Vaughn, Ont.—When Axios Mobile Assets Corp. knocked on J.D. Smith’s door last year and asked if the company wanted to participate in a pilot project involving radio frequency identification (RFID) the answer was “yes.”
Not surprising, given the project aimed to improve shipment tracking while testing an environmental alternative to wood pallets.
J.D. Smith (a third-party logistics company in Vaughn, Ont.) had just the right customer in mind—a manufacturer of packaged foods, using a closed-loop supply chain.
Axios—a provider of logistics solutions also based in Vaughn— supplied 50 bio-based composite pallets, equipped with its proprietary tracking software and embedded RFID tags.
J.D. Smith tried them out for six months, shipping food packages (that had previously traveled on wood). Results were encouraging, and the company plans to offer the system to other customers.
“The partnership with Axios resulted in very real benefits for us and our customer,” said Scott Smith, president and CEO of J.D. Smith, in a press release following the project.
“The pilot program helped us to identify ways to further enhance and streamline the logistics and delivery process, saving time and money…”
How did it work?
Axios Mobile Assets supplied the pallets, tracking software, and a mobile app for J.D. Smith drivers. It also integrated its web-based logistics portal with J.D. Smiths’s pick/pack, staging and shipping processes.
RFID readers were placed inside the warehouse. As pallets passed the readers, product and shipping information was transmitted directly to J.D. Smith’s system. Prior to the project, J.D. Smith didn’t track shipments at the pallet level.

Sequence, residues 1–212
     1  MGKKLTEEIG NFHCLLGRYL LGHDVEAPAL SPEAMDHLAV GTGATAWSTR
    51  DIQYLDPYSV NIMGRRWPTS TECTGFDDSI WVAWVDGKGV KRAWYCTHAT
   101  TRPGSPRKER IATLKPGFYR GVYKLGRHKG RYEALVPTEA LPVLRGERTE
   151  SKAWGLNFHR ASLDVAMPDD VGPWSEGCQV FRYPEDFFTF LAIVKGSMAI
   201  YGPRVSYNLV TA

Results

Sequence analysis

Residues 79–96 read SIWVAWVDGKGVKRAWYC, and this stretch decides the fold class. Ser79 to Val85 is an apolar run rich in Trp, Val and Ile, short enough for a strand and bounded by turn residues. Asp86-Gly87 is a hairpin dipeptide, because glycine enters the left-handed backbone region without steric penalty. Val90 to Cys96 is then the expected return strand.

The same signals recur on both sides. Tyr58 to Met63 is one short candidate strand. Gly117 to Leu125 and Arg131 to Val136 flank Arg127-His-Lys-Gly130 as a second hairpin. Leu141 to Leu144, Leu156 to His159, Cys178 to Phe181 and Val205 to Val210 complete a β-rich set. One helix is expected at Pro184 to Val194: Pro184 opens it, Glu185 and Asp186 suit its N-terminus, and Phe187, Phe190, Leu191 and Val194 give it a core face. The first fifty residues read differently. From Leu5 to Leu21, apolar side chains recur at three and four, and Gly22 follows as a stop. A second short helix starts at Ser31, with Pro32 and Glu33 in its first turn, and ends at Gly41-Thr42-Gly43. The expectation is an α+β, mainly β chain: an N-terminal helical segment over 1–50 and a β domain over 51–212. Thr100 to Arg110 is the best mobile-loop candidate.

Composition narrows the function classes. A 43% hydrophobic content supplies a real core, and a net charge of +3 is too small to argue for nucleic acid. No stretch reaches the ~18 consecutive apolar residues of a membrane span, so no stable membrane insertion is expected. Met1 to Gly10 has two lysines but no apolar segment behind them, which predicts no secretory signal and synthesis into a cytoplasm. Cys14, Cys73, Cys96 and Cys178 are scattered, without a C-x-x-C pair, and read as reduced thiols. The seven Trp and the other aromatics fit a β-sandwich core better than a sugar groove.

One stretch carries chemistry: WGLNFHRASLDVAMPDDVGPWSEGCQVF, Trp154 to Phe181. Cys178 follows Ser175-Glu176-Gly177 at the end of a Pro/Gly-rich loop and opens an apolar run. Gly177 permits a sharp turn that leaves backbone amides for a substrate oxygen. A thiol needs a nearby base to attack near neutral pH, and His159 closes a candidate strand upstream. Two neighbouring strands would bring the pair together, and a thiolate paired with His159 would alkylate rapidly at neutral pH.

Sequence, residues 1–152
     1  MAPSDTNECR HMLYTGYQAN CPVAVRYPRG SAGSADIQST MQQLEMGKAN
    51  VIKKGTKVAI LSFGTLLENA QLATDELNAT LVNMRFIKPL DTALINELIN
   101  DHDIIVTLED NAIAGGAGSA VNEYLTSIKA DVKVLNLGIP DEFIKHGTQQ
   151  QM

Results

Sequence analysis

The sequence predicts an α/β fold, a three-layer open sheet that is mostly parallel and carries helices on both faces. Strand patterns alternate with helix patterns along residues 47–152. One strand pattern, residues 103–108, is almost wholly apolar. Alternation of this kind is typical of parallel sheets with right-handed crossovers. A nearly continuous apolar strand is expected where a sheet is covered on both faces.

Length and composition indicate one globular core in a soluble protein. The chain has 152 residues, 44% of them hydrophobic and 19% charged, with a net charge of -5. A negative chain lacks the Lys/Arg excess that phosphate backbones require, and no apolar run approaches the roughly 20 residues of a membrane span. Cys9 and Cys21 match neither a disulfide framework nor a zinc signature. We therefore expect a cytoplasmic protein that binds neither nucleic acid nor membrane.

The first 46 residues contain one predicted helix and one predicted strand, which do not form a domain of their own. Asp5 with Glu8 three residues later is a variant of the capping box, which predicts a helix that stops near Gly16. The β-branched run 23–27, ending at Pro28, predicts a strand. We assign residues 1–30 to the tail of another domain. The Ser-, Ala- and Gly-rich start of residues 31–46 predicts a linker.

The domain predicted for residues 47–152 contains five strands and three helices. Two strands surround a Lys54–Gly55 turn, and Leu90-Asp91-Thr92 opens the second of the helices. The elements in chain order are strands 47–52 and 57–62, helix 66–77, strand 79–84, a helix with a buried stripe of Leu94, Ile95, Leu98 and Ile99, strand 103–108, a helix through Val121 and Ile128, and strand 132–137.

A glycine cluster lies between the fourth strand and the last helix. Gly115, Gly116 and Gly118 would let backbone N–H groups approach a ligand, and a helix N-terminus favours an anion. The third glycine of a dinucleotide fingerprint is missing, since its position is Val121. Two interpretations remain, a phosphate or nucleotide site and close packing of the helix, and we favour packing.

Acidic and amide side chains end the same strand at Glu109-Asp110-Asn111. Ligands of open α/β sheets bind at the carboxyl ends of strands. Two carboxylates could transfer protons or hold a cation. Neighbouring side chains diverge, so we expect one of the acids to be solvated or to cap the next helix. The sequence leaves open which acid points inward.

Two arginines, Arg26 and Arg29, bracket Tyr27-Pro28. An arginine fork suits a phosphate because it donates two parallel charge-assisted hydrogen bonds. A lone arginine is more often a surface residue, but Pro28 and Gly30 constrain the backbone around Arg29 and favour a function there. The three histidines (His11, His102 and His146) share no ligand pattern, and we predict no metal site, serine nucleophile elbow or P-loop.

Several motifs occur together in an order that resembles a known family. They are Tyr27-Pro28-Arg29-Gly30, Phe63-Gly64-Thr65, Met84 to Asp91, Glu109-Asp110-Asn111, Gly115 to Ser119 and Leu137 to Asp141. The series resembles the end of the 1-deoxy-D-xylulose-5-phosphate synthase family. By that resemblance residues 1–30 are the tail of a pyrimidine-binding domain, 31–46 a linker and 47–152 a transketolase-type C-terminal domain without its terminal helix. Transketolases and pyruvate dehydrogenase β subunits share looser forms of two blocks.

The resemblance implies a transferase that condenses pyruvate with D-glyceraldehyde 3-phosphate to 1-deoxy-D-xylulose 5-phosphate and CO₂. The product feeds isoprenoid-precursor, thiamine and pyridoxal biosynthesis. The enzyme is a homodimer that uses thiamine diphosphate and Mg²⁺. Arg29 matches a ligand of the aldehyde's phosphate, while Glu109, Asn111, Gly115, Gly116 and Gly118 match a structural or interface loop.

The RFID data gave the company a better understanding of the client’s delivery and distribution patterns, allowing for troubleshooting and optimization.
The customer was an ideal choice, Smith said, because it was a closed-loop environment. The customer’s deliveries and shipments come out of J.D. Smith’s facility, on J.D. Smith equipment. Pallets are either returned the same day or left at one of the client’s sites.
Aside from improved tracking at the pallet level, J.D. Smith discovered another benefit. The composite pallets—made from bio-based resin/calcium carbonate—are smoother, so bagged food products weren’t catching on chards and nails during transport, as they sometimes did on wooden pallets, he added.
According to Axios, the pallets weigh 47 lbs., are 2,800-lb. edge rackable, measure 48 by 40 inches and operate at temperatures from -30 degrees Fahrenheit (-34.4 degrees Celsius) to 140 degrees Fahrenheit (60 degrees Celsius).
Manufactured just outside Windsor, Ont., they don’t contain the fire-retardant decabromine/Decabromodiphenyl ether like their high-density polyethylene pallet cousins.
The bio-based resin is also FDA-compliant and ISO-certified, and the pallets don’t need to be heat-treated, like wooden pallets, before crossing the border into the US, said John Psihos, vice-president of IT and sustainability at Axios.
The proprietary manufacturing process uses less equipment and less energy than comparable injection-molded plastic pallets. At the end of a pallet’s lifecycle, it can be ground up and used as material for other applications, Psihos said.
Although the up-front costs are higher than with wooden counterparts, users save money over the 10- to 12-year life of the pallet since they don’t need to be replaced as often as wood pallets. The bigger sell though, is sustainability, he added.
“The value proposition is the whole environmental side and being able to introduce some efficiencies into logistics…We can offer carbon credits on top of the tracking capabilities.”
From J.D. Smith’s perspective, the pallets performed well and came with a lighter, less toxic footprint than traditional pallets.
“The durability is something that was important and we were impressed with that,” Smith said, adding they were also happy with the data collected.
“But it was sustainability, not cost-savings and tracking enhancements that ultimately drove the project,” he concluded.